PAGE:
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'Do you want fries with that?' Hardee's algorithm excels at upselling

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CKE Restaurants, parent company of Hardee’s and Carl’s Jr. fast-food chains, is finding out that if you want to sell people food they didn’t know they wanted, leave it to an algorithm. Recently, the Carpinteria, Calif., company rolled out self-service kiosks at select Hardee’s restaurants. The Dell Optiplex 3030 terminals, which run on Microsoft Windows 8, are decked out with 24-inch screens featuring high-resolution pictures of Hardee’s comestibles.

The self-service kiosks not only allow customers to personalize whatever fast fare they’re ordering down to the pickle and type of condiment but also come with a rules engine that turns out to be a genius at upselling — i.e., the sales technique of suggesting other things to add to a purchase (French fries, a warranty, get the second one at half price).

“With the regular employee, you’re going to try to get 80% to 90% compliance rate in upselling the customer, whereas the computer is going to do it every time,” Tom Lindblom, CKE’s chief technology officer, told me. Do it every time — and do more of it.

“The complexity of the rules can be far greater than what you could do with a person. I can apply all kinds of scenarios to the items you’ve just ordered and decide what else I should offer you — a flowchart of scenarios that would be reasonable to ask a person to follow,” Lindblom said.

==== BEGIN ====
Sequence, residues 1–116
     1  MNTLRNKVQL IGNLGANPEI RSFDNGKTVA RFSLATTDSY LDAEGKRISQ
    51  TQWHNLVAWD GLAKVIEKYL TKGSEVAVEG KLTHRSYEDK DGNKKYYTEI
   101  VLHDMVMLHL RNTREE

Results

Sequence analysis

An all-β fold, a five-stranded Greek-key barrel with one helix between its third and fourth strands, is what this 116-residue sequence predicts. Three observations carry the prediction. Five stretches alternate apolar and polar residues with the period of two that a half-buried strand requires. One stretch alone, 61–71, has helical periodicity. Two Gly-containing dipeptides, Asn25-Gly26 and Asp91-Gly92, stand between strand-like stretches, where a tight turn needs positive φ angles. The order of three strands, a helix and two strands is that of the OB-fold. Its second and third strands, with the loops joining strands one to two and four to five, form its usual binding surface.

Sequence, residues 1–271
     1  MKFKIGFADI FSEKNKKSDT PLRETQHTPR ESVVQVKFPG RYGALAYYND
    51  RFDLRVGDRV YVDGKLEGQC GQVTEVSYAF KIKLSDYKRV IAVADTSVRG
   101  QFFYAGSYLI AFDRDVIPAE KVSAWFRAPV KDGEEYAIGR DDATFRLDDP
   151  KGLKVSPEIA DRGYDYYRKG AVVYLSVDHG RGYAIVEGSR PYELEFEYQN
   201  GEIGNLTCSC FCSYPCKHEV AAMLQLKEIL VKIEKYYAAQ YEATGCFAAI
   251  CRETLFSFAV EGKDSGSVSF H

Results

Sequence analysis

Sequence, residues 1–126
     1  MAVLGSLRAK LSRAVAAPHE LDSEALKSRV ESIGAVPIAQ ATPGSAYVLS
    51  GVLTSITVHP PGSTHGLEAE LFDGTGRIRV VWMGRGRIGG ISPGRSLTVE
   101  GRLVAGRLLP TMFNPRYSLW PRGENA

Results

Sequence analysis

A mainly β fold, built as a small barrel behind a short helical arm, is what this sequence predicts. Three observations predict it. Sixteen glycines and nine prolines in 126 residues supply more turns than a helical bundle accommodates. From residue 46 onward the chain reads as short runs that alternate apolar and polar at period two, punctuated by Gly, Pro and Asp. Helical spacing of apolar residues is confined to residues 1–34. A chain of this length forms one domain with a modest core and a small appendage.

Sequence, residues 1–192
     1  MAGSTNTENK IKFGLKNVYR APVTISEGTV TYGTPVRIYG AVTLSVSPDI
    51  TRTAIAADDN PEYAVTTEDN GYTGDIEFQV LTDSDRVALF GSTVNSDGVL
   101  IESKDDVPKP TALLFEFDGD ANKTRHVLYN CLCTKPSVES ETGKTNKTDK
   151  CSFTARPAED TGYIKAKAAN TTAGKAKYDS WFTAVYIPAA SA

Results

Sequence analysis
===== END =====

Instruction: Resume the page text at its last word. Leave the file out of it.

A simple example: If you come in at 9 a.m. and order breakfast but omit a beverage, the screen may prompt you to buy a coffee. But if you come in at 9 a.m. and order the quarter-pound Bacon Velveeta® Patty Meltdown, the rules engine is more likely to suggest a soft drink. Customers who buy a shake with that beef patty, however, might be prompted to finish off  their meal with a cookie, rather than be nudged to buy a soft drink.

Self-service kiosks bring home the bacon

“What we are finding in general with the kiosks is more customization,” Lindblom said. Some people may just prefer to interact with a kiosk rather than with a human being, or it may be the rules engine really does do a better job at upselling. Bottom line: “The level of customization we’re seeing is appreciably higher than if you walk up to the front and order through the cashier,” he said.

Originally aimed at “hungry Millennials,” the digital interface has proved popular with all demographics. “What we’ve been pleased with is that we have seen customers of all ages embracing them and interacting effectively with them. From ease of use, from a customer perspective and from sales results, we’ve been very happy,” Lindblom said.

The software’s recommendations are based on the customer’s current transaction and do not factor in past transactions. “We don’t track that information,” he said.

To learn more about  Lindblom’s mobile strategy for CKE, hop over to SearchCIO and check out  “No easy answers for enterprise mobile application development.”

Are computers better at upselling than humans? Sound off in the comments, email me or find me on Twitter @ltucci.

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